My physics teacher in high school always said, “Use the K.I.S.S. method, Keep It Simple, Stupid”.
Cash Vs Accrual Accounting is a topic that I will continue to
discuss because there is no quick and simple answer. Accrual accounting
may be G.A.A.P. (Generally Accepted Accounting Principle) but it is not
always best for cash management for a small business. For small
businesses especially for a services like web design or a law firm, you
really can not recognize income until you get the cash. Some of my
clients have clients that have yet to pay them for services so they
cannot recognize a sale. A retail client who has cash sales is most
definitely on a cash basis. There is no accounts receivable. For
accounts payable, that is pretty synonymous with the Unpaid Bills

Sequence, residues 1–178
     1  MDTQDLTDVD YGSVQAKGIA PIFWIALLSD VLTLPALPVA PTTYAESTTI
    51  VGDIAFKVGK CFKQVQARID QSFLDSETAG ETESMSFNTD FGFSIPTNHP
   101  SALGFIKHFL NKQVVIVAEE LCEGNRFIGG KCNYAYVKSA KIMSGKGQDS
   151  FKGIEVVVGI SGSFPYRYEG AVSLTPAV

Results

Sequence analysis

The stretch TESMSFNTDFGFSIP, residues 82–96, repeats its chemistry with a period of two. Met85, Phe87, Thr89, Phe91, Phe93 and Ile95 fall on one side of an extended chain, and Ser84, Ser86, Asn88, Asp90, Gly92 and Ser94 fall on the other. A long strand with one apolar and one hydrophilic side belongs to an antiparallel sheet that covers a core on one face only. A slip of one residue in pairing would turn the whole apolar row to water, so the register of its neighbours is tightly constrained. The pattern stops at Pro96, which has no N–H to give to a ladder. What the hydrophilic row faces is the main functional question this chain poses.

Report in Quickbooks, but only if a business enters bills as they come
in and does a weekly or periodic check run. Otherwise, you pay bills as
they come in, and that is good practice so that you don’t miss payment
deadlines. What I have found to be a problem with Quickbooks is that
you have to commit to one method or another, or when you switch,
transactions can sit in a queue waiting to be cleared.
The bottom line is that small business accounting is a mix of cash
vs accrual accounting. Apply the right method to manage your cash
conservatively while keeping your taxable income minimized is a
challenge but it can be done. Refer to your CPA if you get stuck.